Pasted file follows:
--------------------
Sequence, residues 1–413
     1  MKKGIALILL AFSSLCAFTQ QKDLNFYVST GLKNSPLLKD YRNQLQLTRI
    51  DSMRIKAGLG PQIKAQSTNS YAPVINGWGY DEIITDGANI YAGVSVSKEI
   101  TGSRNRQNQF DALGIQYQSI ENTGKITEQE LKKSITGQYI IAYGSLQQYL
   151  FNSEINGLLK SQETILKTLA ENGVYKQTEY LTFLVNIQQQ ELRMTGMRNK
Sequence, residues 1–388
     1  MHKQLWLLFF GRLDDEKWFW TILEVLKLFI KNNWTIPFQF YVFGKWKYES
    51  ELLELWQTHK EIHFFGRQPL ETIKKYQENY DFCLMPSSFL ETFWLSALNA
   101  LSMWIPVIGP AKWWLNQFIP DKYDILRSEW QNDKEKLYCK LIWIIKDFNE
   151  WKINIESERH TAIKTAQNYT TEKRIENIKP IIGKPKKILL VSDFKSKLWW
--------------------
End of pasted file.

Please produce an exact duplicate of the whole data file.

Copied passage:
Sequence, residues 1–413
     1  MKKGIALILL AFSSLCAFTQ QKDLNFYVST GLKNSPLLKD YRNQLQLTRI
    51  DSMRIKAGLG PQIKAQSTNS YAPVINGWGY DEIITDGANI YAGVSVSKEI
   101  TGSRNRQNQF DALGIQYQSI ENTGKITEQE LKKSITGQYI IAYGSLQQYL
   151  FNSEINGLLK SQETILKTLA ENGVYKQTEY LTFLVNIQQQ ELRMTGMRNK
Sequence, residues 1–388
     1  MHKQLWLLFF GRLDDEKWFW TILEVLKLFI KNNWTIPFQF YVFGKWKYES
    51  ELLELWQTHK EIHFFGRQPL ETIKKYQENY DFCLMPSSFL ETFWLSALNA
   101  LSMWIPVIGP AKWWLNQFIP DKYDILRSEW QNDKEKLYCK LIWIIKDFNE
   151  WKINIESERH TAIKTAQNYT TEKRIENIKP IIGKPKKILL VSDFKSKLWW